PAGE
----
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Carnival & Fair News
Carnival & Fair News
Goldstar Amusements Celebrates 25th Anniversary in 2017
Show adds new Street Fighter for 2017
Monday, February 20, 2017
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Gold Star Amusements celebrates its 25th anniversary this year, and in theory, the carnival's owner Mike Featherston has more time to reflect on the milestone. His three grown children basically run the show these days, giving Mike and his wife Connie the freedom to come and go as they please without having to stay on the lot 24/7.

But as everybody working in the industry knows, it's not always that simple. In addition to his primary operation, Featherston runs the old Sellner Manufacturing plant in Fairibault, Minn. He refurbishes kiddie rides originally produced by the Minnesota company whose assets were purchased by Larson International in 2011. Combined, the two businesses keep the Featherston family busy year-round.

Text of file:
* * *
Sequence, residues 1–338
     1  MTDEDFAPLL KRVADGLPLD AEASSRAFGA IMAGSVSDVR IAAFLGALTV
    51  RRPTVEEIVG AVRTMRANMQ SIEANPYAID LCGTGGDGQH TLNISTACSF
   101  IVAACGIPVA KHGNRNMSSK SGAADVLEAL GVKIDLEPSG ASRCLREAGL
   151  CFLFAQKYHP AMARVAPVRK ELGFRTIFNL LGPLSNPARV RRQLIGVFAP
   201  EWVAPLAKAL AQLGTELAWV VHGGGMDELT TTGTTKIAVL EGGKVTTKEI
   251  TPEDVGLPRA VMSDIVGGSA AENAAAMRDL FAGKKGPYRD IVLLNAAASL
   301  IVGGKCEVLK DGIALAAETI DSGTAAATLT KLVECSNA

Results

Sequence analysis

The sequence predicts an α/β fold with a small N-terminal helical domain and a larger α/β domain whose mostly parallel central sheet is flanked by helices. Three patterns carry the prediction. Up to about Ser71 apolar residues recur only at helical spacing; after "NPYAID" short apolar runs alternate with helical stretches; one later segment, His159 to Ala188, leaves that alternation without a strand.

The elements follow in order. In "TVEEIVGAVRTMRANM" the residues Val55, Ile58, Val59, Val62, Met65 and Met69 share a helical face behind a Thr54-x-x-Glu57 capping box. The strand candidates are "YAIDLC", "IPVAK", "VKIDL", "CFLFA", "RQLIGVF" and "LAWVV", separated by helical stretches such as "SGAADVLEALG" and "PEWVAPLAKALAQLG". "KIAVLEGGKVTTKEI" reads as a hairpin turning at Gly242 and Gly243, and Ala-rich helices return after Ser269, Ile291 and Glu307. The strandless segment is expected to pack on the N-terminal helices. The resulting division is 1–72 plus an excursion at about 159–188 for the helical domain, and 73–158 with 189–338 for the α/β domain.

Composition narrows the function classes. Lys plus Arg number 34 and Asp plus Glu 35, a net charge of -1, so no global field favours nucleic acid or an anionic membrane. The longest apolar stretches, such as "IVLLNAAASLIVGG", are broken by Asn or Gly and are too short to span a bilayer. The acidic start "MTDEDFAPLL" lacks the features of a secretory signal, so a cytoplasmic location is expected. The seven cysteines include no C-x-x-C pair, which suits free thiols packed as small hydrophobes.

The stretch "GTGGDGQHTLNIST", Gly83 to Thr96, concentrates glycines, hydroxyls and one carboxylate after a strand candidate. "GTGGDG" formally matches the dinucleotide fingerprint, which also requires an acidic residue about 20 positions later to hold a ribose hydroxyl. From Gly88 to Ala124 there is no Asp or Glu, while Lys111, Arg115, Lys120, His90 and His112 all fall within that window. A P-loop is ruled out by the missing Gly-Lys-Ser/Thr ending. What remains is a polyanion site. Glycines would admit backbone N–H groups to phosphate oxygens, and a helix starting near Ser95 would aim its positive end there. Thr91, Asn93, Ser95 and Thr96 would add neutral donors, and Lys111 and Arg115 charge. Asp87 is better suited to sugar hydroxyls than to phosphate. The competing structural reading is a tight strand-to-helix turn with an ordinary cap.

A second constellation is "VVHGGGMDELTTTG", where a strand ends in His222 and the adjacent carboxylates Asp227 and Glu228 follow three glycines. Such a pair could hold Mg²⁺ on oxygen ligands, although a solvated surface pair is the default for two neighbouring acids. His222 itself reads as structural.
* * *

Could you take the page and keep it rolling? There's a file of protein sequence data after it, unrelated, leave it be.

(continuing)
"I just turned 60 and I think I have at least two good years left," Featherston said, half-joking. "My kids do the bulk of the work. All three are married and their spouses help out too. Connie and I stay home mostly, but we still check on the route and help lay out the lots."

"I bought the old Sellner plant [in 2011] as an investment and as soon as I signed the paper, [Larson] talked me into getting into the fiberglass business," he said. "Larson owns the rights to the rides but I do all the fiberglass work. We have a shop foreman, an office manager and several full-time employees."

For Gold Star Amusements, the season started Feb. 9 in Laredo, Texas in tandem with 20th Century Rides. The two-week festival celebrates George Washington's birthday and this year marks the 120th celebration in the Texas border community. From there, Gold Star moves to Brownsville Charro Days, set for Feb. 19-26. Leonard Martin, owner of 20th Century Rides, holds the midway contracts for both events, Featherston said.

After playing a supporting role for those dates, Gold Star's main unit kicks into gear, playing multiple events in Texas and Louisiana before heading north in early May. The show jumps into Memphis for a three-week Hispanic festival before settling in Minnesota and the upper Midwest for the summer months. (Gold Star's corporate address is Coon Rapids, Minn., and its winter quarters are in New Orleans).